Montreal Heated Sidewalks – Hot or Cold Idea?
In 2015 the City of Montreal announced plans to install heated sidewalks on Ste-Catherine Street and it now appears they will be moving ahead with the project. The first phase will be installed on a 670-metre stretch starting in 2018 and the second phase to start within 2 years will see it expanded to 2.2km, all part of the major revamping of the street between Bleury and Atwater.
The idea should be warmly received by Montrealers, especially those who lived through the 1998 ice storm – albeit heated sidewalks or even fire and brimstone would have been frozen out during that storm.
This past January alone has shown us climate change is real. Experts in the field say the bizarre weather patterns we have been experiencing might mean more freezing rain in the winter. Wouldn’t it be great if someone at the Public Works Department could have called Mayor Denis Coderre this past January 23rd, when the forecast changed from 25cm of snow to almost 10mm of freezing rain and asked, “Hey Denis, can we flip the switch for the sidewalk heaters?”
Then again, if our roads were heated as well, we might not have become globally famous for the epic pile up on Beaver Hall Hill St. last December when two STM buses, a police car, a snow plough and several cars slowly ‘slip-slided’ down the hill – with several coming to a stop to the tune of crunching metal and caught on video for the world to see. In that case, it was not freezing rain but snow that fell and it seems city workers forgot one side of the road. ‘Holy moly… flip the switch! Flip the switch!’ would come the cry from City Hall.
When Ste-Catherine St. is ripped up next year between Bleury and Mansfield, construction of the heated sidewalks is scheduled to begin. Special tubing will be installed underneath the pavement and a mixture of water and glycol, heated by electricity, will flow through it. The system should then be able to heat the sidewalks to 3C, which should be warm enough to prevent snow from accumulating and ice to form – and have the ability to melt snow at 2.5cm per hour at temperatures as low as minus 9C. The city’s estimate for the cost of the first phase of the operation is around $26 million.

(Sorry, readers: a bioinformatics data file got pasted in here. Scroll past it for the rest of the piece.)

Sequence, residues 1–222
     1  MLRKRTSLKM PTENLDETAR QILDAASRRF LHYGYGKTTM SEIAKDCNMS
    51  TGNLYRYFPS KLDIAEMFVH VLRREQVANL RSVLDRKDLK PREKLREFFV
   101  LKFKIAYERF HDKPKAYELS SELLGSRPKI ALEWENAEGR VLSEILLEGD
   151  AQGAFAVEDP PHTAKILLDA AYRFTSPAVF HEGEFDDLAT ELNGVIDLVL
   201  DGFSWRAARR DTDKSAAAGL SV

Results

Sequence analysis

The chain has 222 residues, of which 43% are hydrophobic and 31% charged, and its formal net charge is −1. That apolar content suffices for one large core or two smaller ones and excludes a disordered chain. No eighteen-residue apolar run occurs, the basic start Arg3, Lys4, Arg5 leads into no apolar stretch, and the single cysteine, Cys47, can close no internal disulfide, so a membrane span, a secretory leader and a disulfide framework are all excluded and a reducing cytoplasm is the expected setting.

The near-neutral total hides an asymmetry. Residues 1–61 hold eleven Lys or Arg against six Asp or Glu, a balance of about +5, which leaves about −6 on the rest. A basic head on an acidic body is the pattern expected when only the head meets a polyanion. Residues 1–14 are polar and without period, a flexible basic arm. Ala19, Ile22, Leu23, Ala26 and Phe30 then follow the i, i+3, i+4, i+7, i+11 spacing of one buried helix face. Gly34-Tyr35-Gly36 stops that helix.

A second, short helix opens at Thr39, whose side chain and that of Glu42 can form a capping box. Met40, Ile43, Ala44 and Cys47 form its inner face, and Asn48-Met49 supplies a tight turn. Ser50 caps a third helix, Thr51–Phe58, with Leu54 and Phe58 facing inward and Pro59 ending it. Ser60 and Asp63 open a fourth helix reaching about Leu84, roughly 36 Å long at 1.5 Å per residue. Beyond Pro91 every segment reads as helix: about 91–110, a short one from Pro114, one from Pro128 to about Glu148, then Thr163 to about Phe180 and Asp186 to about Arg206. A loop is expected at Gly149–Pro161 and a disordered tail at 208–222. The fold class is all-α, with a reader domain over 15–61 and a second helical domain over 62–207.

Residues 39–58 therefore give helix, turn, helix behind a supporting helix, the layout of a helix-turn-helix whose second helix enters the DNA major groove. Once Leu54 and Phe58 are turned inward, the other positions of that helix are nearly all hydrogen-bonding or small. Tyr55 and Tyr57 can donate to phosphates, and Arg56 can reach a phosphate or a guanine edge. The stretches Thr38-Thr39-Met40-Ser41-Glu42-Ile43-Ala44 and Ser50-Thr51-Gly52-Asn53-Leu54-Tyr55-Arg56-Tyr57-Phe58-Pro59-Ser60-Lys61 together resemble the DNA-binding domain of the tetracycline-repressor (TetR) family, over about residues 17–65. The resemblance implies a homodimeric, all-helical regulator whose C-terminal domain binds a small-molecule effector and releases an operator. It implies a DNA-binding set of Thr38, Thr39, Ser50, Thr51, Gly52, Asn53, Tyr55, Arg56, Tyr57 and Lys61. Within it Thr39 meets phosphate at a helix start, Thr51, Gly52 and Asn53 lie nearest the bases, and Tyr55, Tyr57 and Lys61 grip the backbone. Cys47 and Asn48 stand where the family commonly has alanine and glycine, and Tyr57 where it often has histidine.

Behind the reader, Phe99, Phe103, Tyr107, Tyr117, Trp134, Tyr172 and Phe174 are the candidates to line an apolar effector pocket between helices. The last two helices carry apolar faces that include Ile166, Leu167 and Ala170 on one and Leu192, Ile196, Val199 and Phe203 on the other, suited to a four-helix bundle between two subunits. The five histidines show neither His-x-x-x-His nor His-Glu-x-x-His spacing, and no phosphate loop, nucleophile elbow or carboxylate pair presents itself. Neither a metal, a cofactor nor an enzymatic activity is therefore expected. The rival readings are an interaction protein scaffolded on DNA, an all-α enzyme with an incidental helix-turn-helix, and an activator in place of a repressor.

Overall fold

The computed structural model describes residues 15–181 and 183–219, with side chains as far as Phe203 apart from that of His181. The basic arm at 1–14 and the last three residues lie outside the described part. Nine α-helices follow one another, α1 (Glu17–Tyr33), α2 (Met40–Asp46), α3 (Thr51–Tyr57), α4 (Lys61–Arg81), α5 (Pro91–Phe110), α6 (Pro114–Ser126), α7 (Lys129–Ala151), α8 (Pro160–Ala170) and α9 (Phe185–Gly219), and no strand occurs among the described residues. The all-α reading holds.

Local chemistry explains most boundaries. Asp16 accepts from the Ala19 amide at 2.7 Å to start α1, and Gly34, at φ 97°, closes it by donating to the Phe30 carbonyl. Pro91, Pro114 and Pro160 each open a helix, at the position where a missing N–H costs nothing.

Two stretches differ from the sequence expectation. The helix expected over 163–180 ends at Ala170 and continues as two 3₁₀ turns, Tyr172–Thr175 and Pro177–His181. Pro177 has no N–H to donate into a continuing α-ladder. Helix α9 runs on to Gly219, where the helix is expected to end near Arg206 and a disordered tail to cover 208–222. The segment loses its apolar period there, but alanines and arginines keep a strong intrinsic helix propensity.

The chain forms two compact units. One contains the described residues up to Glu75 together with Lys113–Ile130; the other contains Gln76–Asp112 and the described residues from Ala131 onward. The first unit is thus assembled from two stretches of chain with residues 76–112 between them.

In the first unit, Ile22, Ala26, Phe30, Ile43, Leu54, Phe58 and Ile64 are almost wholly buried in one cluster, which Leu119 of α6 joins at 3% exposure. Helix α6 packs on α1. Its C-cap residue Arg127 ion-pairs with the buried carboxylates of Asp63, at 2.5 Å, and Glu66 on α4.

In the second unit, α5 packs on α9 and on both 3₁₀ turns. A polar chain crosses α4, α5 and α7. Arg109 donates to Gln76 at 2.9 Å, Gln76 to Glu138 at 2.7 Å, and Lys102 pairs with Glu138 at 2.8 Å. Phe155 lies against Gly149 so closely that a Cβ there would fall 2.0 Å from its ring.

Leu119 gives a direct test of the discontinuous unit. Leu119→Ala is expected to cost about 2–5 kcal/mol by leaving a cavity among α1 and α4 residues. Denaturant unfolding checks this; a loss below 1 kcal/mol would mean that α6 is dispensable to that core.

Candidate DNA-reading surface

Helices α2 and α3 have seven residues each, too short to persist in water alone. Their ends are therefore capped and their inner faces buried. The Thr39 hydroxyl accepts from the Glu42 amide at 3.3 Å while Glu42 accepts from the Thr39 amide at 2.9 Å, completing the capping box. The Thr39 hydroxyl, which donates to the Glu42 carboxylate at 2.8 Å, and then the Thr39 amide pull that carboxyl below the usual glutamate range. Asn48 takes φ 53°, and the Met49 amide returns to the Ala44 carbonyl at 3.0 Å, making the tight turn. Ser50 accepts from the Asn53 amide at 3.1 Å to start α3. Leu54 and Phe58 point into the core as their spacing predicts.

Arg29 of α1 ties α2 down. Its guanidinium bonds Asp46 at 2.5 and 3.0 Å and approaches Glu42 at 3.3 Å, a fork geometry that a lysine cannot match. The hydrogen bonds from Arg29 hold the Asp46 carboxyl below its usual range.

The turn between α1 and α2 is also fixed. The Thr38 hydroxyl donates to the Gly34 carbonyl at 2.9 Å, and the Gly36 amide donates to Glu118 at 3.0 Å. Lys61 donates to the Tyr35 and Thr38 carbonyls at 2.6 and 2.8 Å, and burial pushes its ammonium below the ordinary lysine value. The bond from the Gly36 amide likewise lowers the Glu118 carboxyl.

City snow removal operations are expensive – with an annual budget of $155 million to cover more than 10,000km in the network. Trucks, plows and over 140,000 tons of rock-salt used during the winter causes damage to sidewalks, roads and the environment. The City is confident the need for less salt will not only have a less harmful impact on the environment, but with less plows also tearing up the pavement, will help to balance out the costs. But there are some critics who are concerned about potential and costly breakdowns to the heating system, as well as the technology being used, installation and operations.
Still, there are many positive ways to look at it. There will be less pedestrians who slip and fall, ending up with concussions and broken bones – which could translate into much fewer visits to already crowded emergency rooms, helping to reduce health costs. And perhaps Montrealers will start heading downtown more often during the winter months, which in turn could bring some badly needed business back to the downtown core, and that means more tax revenue for the City coffers.
In the residential sector, heated driveways, sidewalks and patios are now helping to melt away the ‘snow shovel blues’. Installations of electric, hydronic and radiant heating methods have been increasing, with customized systems available to meet the needs of different clients and relatively easy to install. It is a welcome idea for any North American.
Some Montrealers are concerned that if moderate snowfalls are constantly being melted off our sidewalks, they would miss the pleasure of a ‘winter-wonderland’ stroll. Others welcome the idea of being able to stroll down the city’s main artery without having to worry if their next step will bring them crashing down. And then there are those who are skeptical about the estimated costs.
Should we invest in heated sidewalks? Will it pay off in the long run – or do we actually need better management of our snow and ice removal system? Can any system truly meet the needs of a Montreal winter? Your opinions are ‘warmly’ welcome.
By: Bonnie Wurst – mtltimes.ca